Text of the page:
Most people think runners are unbalanced. Despite what your mental state might be, your body may not be in complete alignment. Structural or muscular imbalance can lead to injury and pain. The area most affected by structural imbalance that can have a big effect on your running is your pelvis. If you have hip pain, most likely something is off kilter. There are several injuries that result in hip pain, but a common yet often overlooked cause is pelvic misalignment. Frequently diagnosed as a leg-length discrepancy, it can actually be a temporary condition brought on by poor pelvic alignment. Leg-length discrepancies are rarely the result of having one leg bone that’s truly longer than the other. Most likely it’s caused by a tight hamstring or iliotibial band that pulls on one side of the pelvis. Runners with this imbalance overcompensate by favoring one leg, which leads to injury and pain. Without a proper diagnosis the tendency is to go right to orthotics, missing the true underlying issue which can be helped with corrective and preventative treatment.
What leads to pelvic misalignment? Strength imbalances can pull the hips out of alignment. Running on the same side of the road makes one leg to reach down a little farther than the other since most roads have a slight camber. Poor posture from sitting slightly to one side, leaning the same way on a counter or table while standing, and driving, which uses one foot, can be factors in misalignment. Habits of imbalance which is a tendency to carry a purse, laptop or gym bag on the same side, and putting the phone to the same ear and using your shoulder to hold it.
Pelvic misalignment and the functional leg-length discrepancy it creates can be the source of several common running injuries: Hamstring Strain and Piriformis issues due to imbalance, IT Band Syndrome with a combination of weak hips and glutes, Runner’s Knee from excessive force on one side, and Achilles Tendonitis together with poor strength and mobility in the lower leg.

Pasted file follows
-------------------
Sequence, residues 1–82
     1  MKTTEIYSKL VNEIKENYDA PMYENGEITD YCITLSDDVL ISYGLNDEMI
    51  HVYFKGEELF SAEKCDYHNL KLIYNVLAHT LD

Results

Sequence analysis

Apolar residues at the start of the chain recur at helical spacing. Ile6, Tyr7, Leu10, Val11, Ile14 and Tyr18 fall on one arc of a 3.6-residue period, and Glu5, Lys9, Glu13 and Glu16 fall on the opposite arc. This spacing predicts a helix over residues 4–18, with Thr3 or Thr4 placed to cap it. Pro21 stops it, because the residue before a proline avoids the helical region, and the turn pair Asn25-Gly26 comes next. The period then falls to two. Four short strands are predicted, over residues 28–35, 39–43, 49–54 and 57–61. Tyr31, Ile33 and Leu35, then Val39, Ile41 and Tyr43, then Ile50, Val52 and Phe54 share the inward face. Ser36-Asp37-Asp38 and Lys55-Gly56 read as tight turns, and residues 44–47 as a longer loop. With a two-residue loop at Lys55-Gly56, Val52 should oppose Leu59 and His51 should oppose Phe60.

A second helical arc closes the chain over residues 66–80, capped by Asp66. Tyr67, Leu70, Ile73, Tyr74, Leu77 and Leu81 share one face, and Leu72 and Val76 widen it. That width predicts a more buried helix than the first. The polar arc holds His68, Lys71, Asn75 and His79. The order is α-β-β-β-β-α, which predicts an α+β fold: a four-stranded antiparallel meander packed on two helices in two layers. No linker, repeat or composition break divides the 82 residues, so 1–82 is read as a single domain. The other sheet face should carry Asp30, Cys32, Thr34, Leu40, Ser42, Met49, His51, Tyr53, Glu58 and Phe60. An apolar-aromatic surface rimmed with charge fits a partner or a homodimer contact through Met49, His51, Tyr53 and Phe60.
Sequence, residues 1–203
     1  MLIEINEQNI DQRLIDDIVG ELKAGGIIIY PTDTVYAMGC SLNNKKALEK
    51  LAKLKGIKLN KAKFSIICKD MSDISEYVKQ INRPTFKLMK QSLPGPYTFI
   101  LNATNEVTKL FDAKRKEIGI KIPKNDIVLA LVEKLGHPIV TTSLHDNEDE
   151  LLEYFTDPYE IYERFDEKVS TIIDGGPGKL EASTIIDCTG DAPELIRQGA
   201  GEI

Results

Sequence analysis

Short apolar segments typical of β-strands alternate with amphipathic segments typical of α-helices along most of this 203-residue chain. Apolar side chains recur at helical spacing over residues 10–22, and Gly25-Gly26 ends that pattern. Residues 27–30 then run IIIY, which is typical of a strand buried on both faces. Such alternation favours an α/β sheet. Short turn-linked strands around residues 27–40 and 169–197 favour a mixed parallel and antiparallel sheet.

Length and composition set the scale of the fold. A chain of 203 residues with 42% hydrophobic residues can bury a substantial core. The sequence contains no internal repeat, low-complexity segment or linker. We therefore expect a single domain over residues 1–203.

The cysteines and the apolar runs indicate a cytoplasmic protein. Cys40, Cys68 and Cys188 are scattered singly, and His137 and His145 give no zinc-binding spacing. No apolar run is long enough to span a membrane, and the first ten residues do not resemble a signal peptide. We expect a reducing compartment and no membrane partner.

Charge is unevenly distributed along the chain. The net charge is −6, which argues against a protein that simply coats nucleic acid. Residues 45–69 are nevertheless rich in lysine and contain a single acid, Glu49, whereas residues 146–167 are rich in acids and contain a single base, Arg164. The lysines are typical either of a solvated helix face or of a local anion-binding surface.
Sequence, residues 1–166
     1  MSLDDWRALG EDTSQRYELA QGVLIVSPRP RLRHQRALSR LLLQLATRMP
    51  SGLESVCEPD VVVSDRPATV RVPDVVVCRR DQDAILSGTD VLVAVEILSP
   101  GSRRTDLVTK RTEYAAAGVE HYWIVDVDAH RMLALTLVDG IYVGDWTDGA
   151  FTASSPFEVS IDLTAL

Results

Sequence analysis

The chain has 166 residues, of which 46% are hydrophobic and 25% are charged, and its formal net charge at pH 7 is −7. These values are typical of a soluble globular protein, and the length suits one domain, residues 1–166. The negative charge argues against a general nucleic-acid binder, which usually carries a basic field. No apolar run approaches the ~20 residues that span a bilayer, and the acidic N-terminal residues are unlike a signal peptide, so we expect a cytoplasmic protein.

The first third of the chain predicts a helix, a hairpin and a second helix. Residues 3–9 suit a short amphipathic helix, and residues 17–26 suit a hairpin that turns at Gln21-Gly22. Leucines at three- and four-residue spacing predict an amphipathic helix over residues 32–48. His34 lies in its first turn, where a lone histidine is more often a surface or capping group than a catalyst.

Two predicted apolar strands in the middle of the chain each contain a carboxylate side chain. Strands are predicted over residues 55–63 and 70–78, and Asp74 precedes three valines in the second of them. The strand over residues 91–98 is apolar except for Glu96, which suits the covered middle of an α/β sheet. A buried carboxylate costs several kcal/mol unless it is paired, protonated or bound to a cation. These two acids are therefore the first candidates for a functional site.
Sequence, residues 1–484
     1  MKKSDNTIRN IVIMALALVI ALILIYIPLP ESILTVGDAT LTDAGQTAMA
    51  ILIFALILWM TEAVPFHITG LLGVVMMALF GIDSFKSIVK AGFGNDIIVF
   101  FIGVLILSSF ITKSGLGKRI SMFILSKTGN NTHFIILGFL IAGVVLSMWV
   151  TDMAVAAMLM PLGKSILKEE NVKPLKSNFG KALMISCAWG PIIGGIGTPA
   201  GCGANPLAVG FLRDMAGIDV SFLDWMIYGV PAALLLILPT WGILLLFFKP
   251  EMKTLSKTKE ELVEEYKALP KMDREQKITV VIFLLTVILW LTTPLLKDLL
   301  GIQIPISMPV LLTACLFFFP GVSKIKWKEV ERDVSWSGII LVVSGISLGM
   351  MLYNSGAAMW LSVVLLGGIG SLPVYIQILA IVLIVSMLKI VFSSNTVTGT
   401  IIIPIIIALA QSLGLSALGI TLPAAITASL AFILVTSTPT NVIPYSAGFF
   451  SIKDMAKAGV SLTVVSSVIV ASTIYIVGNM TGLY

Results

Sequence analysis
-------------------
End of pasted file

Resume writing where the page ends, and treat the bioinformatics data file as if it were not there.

There are measures you can take to help prevent hip alignment issues or recurrences. Run in the middle of the road when possible or alternate sides of the road. Do strength training with single-leg exercises to address muscular imbalances. Maintain good posture during the day, which will benefit your running and overall health. Be conscious of your body habits. If you instinctively carry items on the same side all the time get in the habit of alternating sides.
If you have pain in your hips during and after running, a trained sports injury specialist can properly identify the source of the injury. If poor hip alignment is the culprit, the goal is to relieve the muscle tightness and imbalance that are causing pain and discomfort. While physical therapy works on strength and mobility of the pelvic area, a sports injury specialist will also address the muscular imbalances that are causing the hip misalignment. Active Release Technique® is highly effective in treating muscle tightness and imbalances. A trained ART provider pinpoints the problem area and the underlying cause contributing to the injury, then treats not only the hip alignment, but the soft tissues, muscles and connective tissues that are contributing to the problem and not just the areas affected by the tightness and imbalance.
ART stimulates repair and accelerates healing by restoring normal tissue texture and reestablishing full flexibility, balance and stability. What makes ART® different from physical therapy and other treatments is how it identifies and heals scar tissue adhesions that are interfering with normal strength and flexibility, not simply stretching out the muscles. ART is completely natural and non-invasive and can prevent the need for more invasive treatment.